Regional or educational disparities? a counterfactual exercise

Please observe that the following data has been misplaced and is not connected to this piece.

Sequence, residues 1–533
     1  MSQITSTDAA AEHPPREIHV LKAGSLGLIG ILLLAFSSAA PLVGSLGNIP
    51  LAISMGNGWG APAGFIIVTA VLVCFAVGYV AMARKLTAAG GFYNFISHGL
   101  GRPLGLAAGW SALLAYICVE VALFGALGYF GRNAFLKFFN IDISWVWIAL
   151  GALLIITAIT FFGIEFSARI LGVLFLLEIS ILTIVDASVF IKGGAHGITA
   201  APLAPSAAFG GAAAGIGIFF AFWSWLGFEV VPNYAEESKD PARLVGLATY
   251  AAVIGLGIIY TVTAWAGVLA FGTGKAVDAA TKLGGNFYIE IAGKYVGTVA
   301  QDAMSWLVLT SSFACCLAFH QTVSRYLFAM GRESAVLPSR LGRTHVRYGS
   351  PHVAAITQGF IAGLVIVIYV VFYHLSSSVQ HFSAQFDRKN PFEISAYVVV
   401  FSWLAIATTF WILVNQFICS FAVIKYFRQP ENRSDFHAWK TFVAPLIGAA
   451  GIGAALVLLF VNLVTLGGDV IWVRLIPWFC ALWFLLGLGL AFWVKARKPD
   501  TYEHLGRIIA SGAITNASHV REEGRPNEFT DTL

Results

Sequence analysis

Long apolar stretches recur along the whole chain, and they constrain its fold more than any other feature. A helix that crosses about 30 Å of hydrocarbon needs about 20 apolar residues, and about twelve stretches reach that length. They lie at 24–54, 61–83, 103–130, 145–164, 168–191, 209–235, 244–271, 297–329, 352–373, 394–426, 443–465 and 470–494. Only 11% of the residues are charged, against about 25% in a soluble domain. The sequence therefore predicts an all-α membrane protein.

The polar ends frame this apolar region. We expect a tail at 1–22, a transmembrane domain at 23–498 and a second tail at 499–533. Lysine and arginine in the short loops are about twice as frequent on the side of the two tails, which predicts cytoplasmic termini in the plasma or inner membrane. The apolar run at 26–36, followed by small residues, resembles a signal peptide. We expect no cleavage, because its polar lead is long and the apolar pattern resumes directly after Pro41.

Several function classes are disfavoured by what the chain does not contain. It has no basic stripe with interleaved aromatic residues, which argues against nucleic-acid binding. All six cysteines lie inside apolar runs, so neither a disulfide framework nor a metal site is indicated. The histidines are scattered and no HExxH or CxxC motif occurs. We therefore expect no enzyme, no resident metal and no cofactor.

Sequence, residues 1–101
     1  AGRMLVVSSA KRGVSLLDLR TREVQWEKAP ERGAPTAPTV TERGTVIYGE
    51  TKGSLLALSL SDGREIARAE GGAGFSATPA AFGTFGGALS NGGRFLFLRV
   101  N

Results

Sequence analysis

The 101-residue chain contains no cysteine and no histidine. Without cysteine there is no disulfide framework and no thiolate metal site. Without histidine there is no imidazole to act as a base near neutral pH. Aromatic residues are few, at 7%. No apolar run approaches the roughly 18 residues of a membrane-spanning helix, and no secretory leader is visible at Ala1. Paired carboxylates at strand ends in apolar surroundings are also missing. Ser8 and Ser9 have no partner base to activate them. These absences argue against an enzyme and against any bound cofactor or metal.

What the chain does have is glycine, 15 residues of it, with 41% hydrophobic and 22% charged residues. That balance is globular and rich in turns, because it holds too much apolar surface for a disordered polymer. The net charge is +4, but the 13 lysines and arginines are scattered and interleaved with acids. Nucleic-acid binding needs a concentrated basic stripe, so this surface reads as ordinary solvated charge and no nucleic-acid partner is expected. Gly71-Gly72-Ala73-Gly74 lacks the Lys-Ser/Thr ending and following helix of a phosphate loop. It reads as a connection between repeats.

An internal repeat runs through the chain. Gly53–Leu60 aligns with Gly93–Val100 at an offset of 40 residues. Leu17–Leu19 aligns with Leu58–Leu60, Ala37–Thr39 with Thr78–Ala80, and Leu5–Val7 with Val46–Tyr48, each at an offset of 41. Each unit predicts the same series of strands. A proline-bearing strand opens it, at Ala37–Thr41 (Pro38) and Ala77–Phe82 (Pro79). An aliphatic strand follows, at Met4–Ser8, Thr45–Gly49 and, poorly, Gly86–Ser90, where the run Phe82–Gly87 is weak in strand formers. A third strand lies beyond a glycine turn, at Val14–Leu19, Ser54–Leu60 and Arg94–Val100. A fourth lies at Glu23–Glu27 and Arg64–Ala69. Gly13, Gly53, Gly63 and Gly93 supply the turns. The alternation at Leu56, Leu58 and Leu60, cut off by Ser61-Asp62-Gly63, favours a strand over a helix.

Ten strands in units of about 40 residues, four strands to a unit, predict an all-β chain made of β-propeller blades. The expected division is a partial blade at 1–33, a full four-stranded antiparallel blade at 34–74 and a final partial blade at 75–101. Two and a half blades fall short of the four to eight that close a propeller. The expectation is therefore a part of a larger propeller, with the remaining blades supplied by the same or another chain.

This work investigates the impact of schooling Oil income distribution in statesjregions of Brazil. Using a semi-parametric model, discussed in DiNardo, Fortin & Lemieux (1996), we measure how much income diíferences between the Northeast and Southeast regions- the country's poorest and richest - and between the states of Ceará and São Paulo in those regions - can be explained by differences in schooling leveIs of the resident population. Using data from the National Household Survey (PNAD), we construct counterfactual densities by reweighting the distribution of the poorest region/state by the schooling profile of the richest. We conclude that: (i) more than 50% of the income di:fference is explained by the difference in schooling; (ii) the highest deciles of the income distribution gain more from an increase in schooling, closely approaching the wage distribution of the richest region/state; and (iii) an increase in schooling, holding the wage structure constant, aggravates the wage disparity in the poorest regions/ states.
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